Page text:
October is Down Syndrome Awareness Month and in honor of my son Laksh and other amazing people just like him, we are having a celebration on our Instagram page. When Laksh was born, I did find myself leaning on Dr. Google to help me find some facts about Down syndrome. Being a physical therapist, I was aware of Down syndrome but I had never come across anyone in real life who had Down syndrome until Laksh. I was shocked to see some not so accurate and honestly antiquated information, and it worried me. Some sites downright made Down syndrome look like a punishment for the child and his/her family, which it is not. So I decided to start a social media page for Laksh so I could show people what it really looks like to have a child with Down syndrome today. On these platforms, I connected with so many amazing families who have been on this journey longer than we have and it has blown my mind. Everything I wanted for my child is possible. It might take a bit longer, but who is in a rush anyway? I would also like to take this opportunity to bust these myths I kept reading online. Myths vs. Facts Myth: Most children with Down syndrome are born to older parents. Fact: Most children with Down syndrome are born to women younger than 35 years old simply because younger women have more children. However, the likelihood of having a child with Down syndrome increases with the age of the mother, especially after age 35. Myth: All people with Down syndrome have a severe cognitive disability. Fact: Most people with Down syndrome have a mild to moderate cognitive disability, or intellectual disability. This is not indicative of the many strengths and talents each individual possesses. Myth: People with Down syndrome cannot be active members of their community. Fact: People with Down syndrome are active participants in educational, social and recreational activities. They are included in the typical education system and take part in sports, music, art programs and any other activities in the community. People with Down syndrome are valued members of their families and communities, make meaningful contributions to society, and many are proud business owners. Myth: Scientists know everything there is to know about Down syndrome. Fact: Though we know that an extra full or partial copy of chromosome 21 causes the characteristics of Down syndrome, researchers are making great strides in identifying how individual genes on chromosome 21 affect a person with Down syndrome. Myth: Segregated special education programs are the only option for students with Down syndrome. Fact: Students with Down syndrome are included in typical academic classrooms in schools across the country. The current trend in education is for full inclusion in social and educational settings. Sometimes students with Down syndrome are included in specific courses, while in other situations students are fully included in the typical classroom for all subjects. Increasingly, individuals with Down syndrome graduate from high school with diplomas, and participate in post secondary academic and college programs. Myth: Adults with Down syndrome are the same as children with Down syndrome. Fact: Adults with Down syndrome are not children, and should not be considered children. They enjoy activities and companionship with other adults, and have similar needs and feelings as their typical peers. Myth: Adults with Down syndrome are unable to form close interpersonal relationships leading to marriage. Fact: People with Down syndrome socialize and have meaningful friendships. Some choose to date, maintain ongoing relationships and marry. Myth: It is OK to use the “r-word” if you don’t really mean it. Fact: It is never acceptable to use the word “retarded” in any derogatory context. Using this word is hurtful and suggests that people with disabilities are not competent. Myth: Adults with Down syndrome are unemployable. Fact: Businesses employ adults with Down syndrome for a variety of positions – in banks, corporations, hotels, hospitals, nursing homes, offices and restaurants. They work in the music and entertainment industry, in clerical positions, childcare, the sports field and the computer industry, to name a few. Like anybody else, people with Down syndrome want to have a job where their work will be valued. Myth: People with Down syndrome are always sick. Fact: Though people with Down syndrome are at an increased risk for certain medical conditions such as congenital heart defects, respiratory and hearing problems, and thyroid conditions, advances in health care and treatment of these conditions have allowed for most individuals with Down syndrome to lead healthy lives. Myth: Down syndrome is a rare disorder. Fact: Down syndrome is the most commonly occurring chromosomal condition. Approximately one in every 700 babies in the United States is born with Down syndrome, or around 6,000 births per year. Myth: People with Down syndrome are always happy and affectionate. Fact: We are all individuals and people with Down syndrome are no different to anyone else in their character traits, varying moods and ability to feel all kinds of emotions. Myth: People with Down syndrome all look the same. Fact: There are certain physical characteristics that can occur. People with Down syndrome can have all of them or none. A person with Down syndrome will always look more like his or her close family than someone else with the condition. Myth: People with Down syndrome do not live very long. Fact: Today, with the medical treatments available, people with Down syndrome can look forward to living a long and fulfilling life. Myth: Down syndrome is hereditary and runs in families. Fact: Translocation, a type of Down syndrome that accounts for 3 to 4 percent of all cases, is the only type of Down syndrome known to have a hereditary component. Of those, one third (or 1 percent of all cases of Down syndrome) are hereditary. I have used the National Down Syndrome Society fact sheets as a guideline to create this list.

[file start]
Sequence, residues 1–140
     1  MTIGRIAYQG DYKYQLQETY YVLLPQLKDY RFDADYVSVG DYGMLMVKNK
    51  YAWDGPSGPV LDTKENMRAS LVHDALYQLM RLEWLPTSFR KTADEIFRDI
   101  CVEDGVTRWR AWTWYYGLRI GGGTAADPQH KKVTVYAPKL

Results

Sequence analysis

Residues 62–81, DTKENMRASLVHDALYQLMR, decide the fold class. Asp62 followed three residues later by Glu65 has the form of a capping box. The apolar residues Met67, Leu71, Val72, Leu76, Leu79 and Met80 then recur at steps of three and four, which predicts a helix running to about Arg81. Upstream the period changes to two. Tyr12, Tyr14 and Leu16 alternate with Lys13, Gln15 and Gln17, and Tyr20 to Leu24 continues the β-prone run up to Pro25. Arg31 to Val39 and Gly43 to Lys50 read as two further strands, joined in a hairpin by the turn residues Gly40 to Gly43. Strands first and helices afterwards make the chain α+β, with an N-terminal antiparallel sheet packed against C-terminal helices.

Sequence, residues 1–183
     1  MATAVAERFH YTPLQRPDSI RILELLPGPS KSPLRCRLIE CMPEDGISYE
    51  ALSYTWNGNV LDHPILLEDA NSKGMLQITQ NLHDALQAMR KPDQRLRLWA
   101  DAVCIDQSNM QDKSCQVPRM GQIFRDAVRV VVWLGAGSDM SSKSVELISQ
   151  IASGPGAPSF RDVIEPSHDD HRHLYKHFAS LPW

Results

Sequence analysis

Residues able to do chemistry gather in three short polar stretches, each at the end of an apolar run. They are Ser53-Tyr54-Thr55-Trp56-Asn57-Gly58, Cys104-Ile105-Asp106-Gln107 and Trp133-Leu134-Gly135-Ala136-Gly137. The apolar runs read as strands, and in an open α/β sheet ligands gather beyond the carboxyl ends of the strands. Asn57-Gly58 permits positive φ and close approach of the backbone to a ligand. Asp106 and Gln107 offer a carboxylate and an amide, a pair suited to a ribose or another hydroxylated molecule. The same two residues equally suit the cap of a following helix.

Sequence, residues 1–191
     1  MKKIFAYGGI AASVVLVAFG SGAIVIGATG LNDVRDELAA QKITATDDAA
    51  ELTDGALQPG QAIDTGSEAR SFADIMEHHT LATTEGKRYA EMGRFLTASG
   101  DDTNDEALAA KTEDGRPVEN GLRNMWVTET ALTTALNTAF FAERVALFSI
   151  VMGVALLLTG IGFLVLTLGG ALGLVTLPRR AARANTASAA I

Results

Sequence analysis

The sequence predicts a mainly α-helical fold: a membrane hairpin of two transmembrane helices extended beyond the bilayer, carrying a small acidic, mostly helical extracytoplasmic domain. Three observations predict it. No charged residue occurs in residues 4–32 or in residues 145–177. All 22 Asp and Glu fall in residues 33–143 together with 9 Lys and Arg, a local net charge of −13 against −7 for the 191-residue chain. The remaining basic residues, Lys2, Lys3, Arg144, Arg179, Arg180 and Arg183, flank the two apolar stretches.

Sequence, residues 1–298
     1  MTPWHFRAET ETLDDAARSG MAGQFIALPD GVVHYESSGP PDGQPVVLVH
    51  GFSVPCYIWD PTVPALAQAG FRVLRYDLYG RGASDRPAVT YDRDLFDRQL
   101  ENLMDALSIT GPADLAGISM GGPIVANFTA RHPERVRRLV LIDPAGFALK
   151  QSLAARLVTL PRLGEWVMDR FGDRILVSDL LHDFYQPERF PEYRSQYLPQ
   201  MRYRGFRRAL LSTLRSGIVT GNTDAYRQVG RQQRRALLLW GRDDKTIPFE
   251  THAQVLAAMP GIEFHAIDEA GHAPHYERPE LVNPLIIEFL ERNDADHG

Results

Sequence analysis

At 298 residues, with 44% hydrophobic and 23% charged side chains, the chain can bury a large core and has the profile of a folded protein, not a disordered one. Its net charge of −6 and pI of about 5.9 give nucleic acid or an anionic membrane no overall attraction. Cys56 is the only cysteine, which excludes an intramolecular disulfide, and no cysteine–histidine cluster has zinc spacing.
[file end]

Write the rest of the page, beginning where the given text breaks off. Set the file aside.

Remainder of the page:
Doctors Need to Change the Way They Deliver a Down Syndrome Diagnosis

They say when you become a mother, your life changes completely. I had heard this all my life, but on the 1st of August 2017, I started to believe it, too. I still remember the moment my precious little angel came into this world. But unlike many other mothers’ experiences, my moment wasn’t happy. It wasn’t because my baby had Down syndrome, but because the people who delivered the news to me said it with so much grief in their voice, that I thought maybe it was sad indeed. Being a physical therapist, I was aware of Down syndrome and the therapy requirements that may be associated with it. But I wasn’t completely aware of what it meant (I now use the term possibilities). Even before my family could properly introduce themselves to Laksh, he was taken away and put in the NICU. After a few days of tests and examinations, we were finally in an informed position. We were aware of our son’s diagnosis. He had Down syndrome and Hirschsprung’s disease. Those days were very confusing for my husband and me. In the first few days of my son’s life, we were told about all the things he would not be able to do and all the difficulties he would face. In those moments of weakness, I cried. I cried every day, before I went to visit my son in the NICU and after I came home in the evening. As I sat at his bedside looking at his tiny hands and feet and his big eyes, I refused to accept that he wouldn’t be able to do the things that my husband and I had wished for him since the day we first found out I was pregnant. I decided to research about it on the web, but that didn’t help either. Then, I reached out to some mothers online and heard their stories. I was relieved when I heard what their children have done and are doing. There are some individuals with Down syndrome who are entrepreneurs, some are actors, some dancers, some are baristas, but the takeaway for me from all of this was that they are doing what they want to do with their life. They did not listen to the world when it told them that they couldn’t — and neither will my Laksh. Laksh is 2 years old. He walks and has just started to run a little. He says a few words like mumma, dadda, book, nana (grandfather in Hindi), but most of all he communicates with his actions and words combined. He can sign a few words like more, all done, milk, water, shoes, socks, etc. He loves music and can open the YouTube app all by himself and play his favorite songs. Every single day, my little munchkin is learning something new and teaching us as well. I do not want any new parents to go through what we did. I want all parents to celebrate their children and not worry. I want these parents to look at our kids and see how lucky we are to have been blessed with such beautiful children and a wonderful journey. And I want them to believe that they are going to be OK with their little guy or girl. Other stories you may enjoy: What I Wish Doctors Had Said When My Child Was Diagnosed With Down Syndrome The Doctor Didn’t Follow Protocol After Our Down Syndrome Diagnosis